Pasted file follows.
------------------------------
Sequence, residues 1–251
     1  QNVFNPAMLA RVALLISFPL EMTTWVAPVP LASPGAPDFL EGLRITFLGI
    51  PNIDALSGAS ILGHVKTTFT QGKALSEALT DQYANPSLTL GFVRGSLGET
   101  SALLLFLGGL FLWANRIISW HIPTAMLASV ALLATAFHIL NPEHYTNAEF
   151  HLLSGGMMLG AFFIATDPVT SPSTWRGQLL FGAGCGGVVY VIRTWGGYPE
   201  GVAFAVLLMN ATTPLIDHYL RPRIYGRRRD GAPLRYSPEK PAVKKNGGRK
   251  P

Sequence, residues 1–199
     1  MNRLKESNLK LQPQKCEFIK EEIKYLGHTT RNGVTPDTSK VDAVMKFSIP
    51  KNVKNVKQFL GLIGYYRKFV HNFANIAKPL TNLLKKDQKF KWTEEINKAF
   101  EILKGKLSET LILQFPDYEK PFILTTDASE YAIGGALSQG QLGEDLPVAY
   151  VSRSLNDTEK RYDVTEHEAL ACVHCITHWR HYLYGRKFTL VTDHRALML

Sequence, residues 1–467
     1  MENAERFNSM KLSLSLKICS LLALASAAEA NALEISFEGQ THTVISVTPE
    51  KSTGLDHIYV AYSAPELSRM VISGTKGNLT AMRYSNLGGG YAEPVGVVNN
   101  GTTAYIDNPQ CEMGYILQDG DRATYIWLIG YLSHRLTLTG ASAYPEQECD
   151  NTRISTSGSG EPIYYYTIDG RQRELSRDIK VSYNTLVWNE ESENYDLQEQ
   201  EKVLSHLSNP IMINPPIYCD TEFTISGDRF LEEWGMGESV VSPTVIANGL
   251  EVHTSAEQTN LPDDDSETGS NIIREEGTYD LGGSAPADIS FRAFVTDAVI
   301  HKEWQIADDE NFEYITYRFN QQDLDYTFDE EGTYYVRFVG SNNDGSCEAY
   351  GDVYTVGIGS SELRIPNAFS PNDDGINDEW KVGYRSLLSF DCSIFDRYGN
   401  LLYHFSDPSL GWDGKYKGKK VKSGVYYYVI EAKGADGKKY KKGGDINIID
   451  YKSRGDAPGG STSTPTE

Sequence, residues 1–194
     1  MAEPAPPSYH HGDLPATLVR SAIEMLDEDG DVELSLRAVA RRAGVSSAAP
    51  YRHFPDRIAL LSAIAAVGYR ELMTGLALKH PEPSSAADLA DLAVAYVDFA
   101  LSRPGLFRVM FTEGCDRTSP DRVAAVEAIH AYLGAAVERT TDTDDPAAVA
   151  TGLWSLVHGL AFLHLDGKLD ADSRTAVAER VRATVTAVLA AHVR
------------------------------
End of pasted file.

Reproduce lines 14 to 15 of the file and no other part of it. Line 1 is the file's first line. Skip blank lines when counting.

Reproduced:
     1  MENAERFNSM KLSLSLKICS LLALASAAEA NALEISFEGQ THTVISVTPE
    51  KSTGLDHIYV AYSAPELSRM VISGTKGNLT AMRYSNLGGG YAEPVGVVNN